Brian Wichmann, David Wade

Chapter 4. The Evolution of Style

Islamic art has a recognisable aesthetic signature that somehow manages to express itself across an entire range of productions. The ‘language’ of this art, once established, was readily assimilated by each of the different nations and ethnicities that were brought within the Islamic sphere. Assimilated and built upon, because every region, at every period, produced its own versions of this super-national style.
Brian Wichmann, David Wade

Chapter 5. Materials and Media

As indicated in Chap. 4, the decorative arts in Islam are marked by a remarkable degree of stylistic consistency which has been applied to a broad range of materials, each of which had a craft-base of its own, the history of which often traces back to pre-Islamic times. The stylistic coherence within the Islamic world and the many variations of its basic themes across time, influenced as they were by local artistic traditions, are all part of the fascination of this art. In Muslim architecture virtually any surface may be regarded as worthy of receiving elaborate decoration. This is particularly apparent in religious architecture (Fig. 5.1), but this principle extends to woodwork, ceramics, textiles, metalwork, books and many other art forms.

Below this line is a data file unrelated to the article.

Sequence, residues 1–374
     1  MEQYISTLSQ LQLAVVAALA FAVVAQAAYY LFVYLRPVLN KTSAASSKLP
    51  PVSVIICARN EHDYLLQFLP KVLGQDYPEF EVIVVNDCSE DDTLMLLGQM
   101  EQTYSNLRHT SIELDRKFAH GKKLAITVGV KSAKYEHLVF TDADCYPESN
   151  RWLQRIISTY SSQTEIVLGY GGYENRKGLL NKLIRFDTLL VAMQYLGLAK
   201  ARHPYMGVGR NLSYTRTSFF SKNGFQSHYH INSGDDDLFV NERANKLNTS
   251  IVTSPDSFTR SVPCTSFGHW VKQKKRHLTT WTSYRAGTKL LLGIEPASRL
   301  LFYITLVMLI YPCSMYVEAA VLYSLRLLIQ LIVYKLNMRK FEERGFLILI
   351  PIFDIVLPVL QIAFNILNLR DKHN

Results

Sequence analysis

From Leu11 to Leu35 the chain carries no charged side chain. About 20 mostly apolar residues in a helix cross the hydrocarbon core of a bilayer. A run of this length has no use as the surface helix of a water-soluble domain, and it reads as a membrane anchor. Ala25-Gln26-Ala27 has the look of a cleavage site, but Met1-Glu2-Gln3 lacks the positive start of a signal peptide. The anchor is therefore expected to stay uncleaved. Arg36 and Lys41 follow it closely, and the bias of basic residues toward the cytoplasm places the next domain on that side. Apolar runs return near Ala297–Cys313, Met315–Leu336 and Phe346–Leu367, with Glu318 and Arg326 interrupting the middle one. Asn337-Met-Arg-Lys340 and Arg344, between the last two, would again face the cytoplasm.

Brian Wichmann, David Wade

Chapter 6. Countries and Regions

Egypt was brought into the Islamic sphere in the first wave of conquests, in 639. With the Tulunid assumption of power (868–905) it became an independent centre. Then, under the Fatimid dynasty (909–1171) it assumed its enduring role as the cultural focus of western Islam. The architecture of the Mamluk period (13th–16th) saw a continuity of earlier Egyptian traditions, but it also incorporated aspects of Iraqi and Syrian styles. Most of the buildings of these periods are of stone; in fact the general feeling conveyed by medieval Cairene architecture is that of a sombre stolidity.
Brian Wichmann, David Wade

Mathematical Analysis

Frontmatter

Chapter 7. Introduction

The script is spiritual geometry, although made perceptible by a physical instrument. Euclid, cited by Abu Baker as-Suli (Moustafa and Sperl 2014, Vol. 2, p. 287)
The quote above comes from the monumental work by Moustafa and Sperl on Arabic penmanship. Their result is a mathematical analysis of the Proportional Script—an elegant form of calligraphy. The analysis undertaken here is much simpler than the curves in calligraphy since we restrict our attention to geometric patterns using straight lines. The importance of geometry and proportion in art was clearly understood in the early years of the Islamic world.